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Q&A Corner: Marijuana and Real Estate: A Budding Issue

On April 16, NAR released the 2021 Marijuana and Real Estate: A Budding Issue report. The real estate industry and its professionals are constantly adapting to not only national and local trends, but also to local laws and regulations. With constant changes in the legal status of both medical and recreational marijuana, there undoubtedly have been direct changes to real estate from these laws and related businesses. In this report, we examined the similarities and differences of effects from marijuana legality on various aspects of real estate, as well as any shifts from the last time the study was conducted in 2020.

Matt Christopherson, Research Analyst, was the lead author of the report. In this conversational Q&A, he provided perspectives on how to use the report, insights into the data and the results he found to be most interesting.

What was the purpose of this report?

Matt Christopherson: As we know, the marijuana industry and marijuana laws are ever and quickly changing. Just in the past two months, four more states have legalized recreational marijuana and with these changes, nearly half of the American population will be residing in states with legalized marijuana. Obviously, this affects many personal lives, lifestyles, and spending habits but with that, these changes impact a multitude of industries. We wanted to measure the impact that the marijuana industry and legalization have on the real estate in particular.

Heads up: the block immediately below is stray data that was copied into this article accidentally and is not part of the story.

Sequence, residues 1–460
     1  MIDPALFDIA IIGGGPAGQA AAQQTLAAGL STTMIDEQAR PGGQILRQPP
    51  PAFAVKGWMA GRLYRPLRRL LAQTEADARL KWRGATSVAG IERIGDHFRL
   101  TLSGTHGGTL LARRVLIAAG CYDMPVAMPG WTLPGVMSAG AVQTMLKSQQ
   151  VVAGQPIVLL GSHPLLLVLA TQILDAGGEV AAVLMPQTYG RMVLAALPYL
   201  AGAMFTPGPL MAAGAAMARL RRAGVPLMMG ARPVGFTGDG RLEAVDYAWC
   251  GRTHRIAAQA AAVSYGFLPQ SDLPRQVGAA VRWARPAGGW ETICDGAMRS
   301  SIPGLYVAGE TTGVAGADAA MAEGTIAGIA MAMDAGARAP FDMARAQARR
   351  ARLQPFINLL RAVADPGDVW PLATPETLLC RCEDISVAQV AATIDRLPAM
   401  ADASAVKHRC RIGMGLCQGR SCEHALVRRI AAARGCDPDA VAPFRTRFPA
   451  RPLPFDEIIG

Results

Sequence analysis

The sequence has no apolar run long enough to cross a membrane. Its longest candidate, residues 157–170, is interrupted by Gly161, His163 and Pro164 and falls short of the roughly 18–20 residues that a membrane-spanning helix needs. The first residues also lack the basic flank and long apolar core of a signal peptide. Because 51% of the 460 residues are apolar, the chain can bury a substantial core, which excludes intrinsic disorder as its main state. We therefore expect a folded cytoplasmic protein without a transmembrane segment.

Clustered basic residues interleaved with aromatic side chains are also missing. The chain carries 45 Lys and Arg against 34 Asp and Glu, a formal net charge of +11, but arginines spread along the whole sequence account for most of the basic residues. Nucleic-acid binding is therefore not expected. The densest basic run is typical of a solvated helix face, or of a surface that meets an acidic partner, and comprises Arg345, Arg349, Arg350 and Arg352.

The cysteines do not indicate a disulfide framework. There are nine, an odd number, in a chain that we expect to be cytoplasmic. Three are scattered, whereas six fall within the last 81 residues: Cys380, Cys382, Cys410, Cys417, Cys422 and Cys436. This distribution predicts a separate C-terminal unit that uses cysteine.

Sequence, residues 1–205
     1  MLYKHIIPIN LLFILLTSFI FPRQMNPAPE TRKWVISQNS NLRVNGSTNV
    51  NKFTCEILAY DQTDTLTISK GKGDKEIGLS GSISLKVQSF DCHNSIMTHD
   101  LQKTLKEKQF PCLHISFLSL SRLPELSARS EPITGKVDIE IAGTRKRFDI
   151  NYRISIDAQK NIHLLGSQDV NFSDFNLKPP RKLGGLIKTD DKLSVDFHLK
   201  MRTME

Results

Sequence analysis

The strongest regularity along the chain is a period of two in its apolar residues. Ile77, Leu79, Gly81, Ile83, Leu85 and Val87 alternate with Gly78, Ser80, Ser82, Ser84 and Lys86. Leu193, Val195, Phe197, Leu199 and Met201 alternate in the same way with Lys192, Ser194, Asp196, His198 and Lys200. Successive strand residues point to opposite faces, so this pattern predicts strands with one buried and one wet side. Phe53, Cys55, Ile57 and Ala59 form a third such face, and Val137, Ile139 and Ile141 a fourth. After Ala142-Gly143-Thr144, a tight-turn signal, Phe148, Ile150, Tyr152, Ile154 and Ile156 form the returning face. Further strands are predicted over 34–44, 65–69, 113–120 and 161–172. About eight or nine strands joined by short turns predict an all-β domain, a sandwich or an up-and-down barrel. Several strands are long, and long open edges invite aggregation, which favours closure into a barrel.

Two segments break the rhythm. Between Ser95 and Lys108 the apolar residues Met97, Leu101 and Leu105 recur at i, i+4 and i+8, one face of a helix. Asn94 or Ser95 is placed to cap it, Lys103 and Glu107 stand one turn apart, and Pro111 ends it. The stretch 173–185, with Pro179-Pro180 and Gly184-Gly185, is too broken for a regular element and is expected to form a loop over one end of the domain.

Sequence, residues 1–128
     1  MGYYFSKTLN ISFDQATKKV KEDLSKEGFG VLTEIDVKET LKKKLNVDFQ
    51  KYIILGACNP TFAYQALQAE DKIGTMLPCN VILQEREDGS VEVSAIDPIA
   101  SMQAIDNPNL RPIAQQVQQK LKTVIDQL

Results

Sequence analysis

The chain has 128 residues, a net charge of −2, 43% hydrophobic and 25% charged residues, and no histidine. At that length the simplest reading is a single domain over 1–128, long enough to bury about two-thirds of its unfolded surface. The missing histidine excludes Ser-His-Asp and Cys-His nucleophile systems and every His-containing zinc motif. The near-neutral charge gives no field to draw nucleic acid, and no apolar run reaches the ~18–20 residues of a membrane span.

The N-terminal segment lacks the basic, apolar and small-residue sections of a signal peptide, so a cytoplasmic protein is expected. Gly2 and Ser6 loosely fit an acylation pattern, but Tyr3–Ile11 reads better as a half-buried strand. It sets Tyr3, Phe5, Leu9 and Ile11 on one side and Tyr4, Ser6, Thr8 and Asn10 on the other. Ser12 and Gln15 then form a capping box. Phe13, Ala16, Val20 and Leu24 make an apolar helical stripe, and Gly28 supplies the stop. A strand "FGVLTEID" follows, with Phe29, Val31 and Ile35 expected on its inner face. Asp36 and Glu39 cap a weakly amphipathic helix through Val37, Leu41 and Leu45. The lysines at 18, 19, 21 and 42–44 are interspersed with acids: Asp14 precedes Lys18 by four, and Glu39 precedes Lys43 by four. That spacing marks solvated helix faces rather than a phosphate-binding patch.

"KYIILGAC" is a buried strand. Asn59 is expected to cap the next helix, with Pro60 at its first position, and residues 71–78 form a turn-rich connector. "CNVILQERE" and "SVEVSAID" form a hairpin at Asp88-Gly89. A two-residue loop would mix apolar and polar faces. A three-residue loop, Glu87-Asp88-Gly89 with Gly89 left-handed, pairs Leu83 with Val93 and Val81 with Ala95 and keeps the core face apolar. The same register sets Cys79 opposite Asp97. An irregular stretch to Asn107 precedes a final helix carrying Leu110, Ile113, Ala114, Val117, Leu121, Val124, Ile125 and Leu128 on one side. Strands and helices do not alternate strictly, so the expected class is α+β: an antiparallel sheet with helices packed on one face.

What questions is this report trying to answer?

Matt Christopherson: The aim of this study was to measure what, if any, impact marijuana legalization has on a number of aspects of the real estate industry. We sought to find influences on property values, ease of selling and financing, addendums to leases and HOA rules, perception of crime, and property buying/leasing trends of marijuana-related businesses.

What did you find most interesting in this report?

Matt Christopherson: The most interesting trend we found was a bit of a balance of power between marijuana-related businesses and commercial landlords or property owners. We have seen that as marijuana has been legal for a longer period, more landlords are adding rules to their leases regarding growing or smoking marijuana, most likely to maintain the integrity and value of their properties. On the flipside, with more attractive interest rates as well as profits from a growing industry, many companies are switching to buying properties out right vs. leasing, which allows them to operate in their properties (legally) as they see fit.

How can our members use this data?

Matt Christopherson: As members’ states possibly change or update their marijuana laws, members can use this report as a reference guide of what changes to expect in their areas. Residential members can use (the data) to see possible changes to account for in property values near dispensaries, shifts in demand and inventory, and perception of and actual crime. For commercial members, this report can be used (to anticipate) what to expect to add into property leases, changes in property purchasing demand, and also values near dispensaries and growing land.

The marijuana industry presents yet another facet of states and local areas with which REALTORS® must constantly evolve, and this report provides the stepping-stones of what to expect.

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